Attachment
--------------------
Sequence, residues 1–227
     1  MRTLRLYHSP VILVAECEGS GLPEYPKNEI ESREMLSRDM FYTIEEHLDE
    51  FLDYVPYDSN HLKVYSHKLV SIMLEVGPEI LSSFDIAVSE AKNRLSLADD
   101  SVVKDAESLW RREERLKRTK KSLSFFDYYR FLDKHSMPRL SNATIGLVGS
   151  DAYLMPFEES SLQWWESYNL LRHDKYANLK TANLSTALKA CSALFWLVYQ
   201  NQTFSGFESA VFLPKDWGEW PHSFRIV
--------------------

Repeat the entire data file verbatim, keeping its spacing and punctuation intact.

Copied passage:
Sequence, residues 1–227
     1  MRTLRLYHSP VILVAECEGS GLPEYPKNEI ESREMLSRDM FYTIEEHLDE
    51  FLDYVPYDSN HLKVYSHKLV SIMLEVGPEI LSSFDIAVSE AKNRLSLADD
   101  SVVKDAESLW RREERLKRTK KSLSFFDYYR FLDKHSMPRL SNATIGLVGS
   151  DAYLMPFEES SLQWWESYNL LRHDKYANLK TANLSTALKA CSALFWLVYQ
   201  NQTFSGFESA VFLPKDWGEW PHSFRIV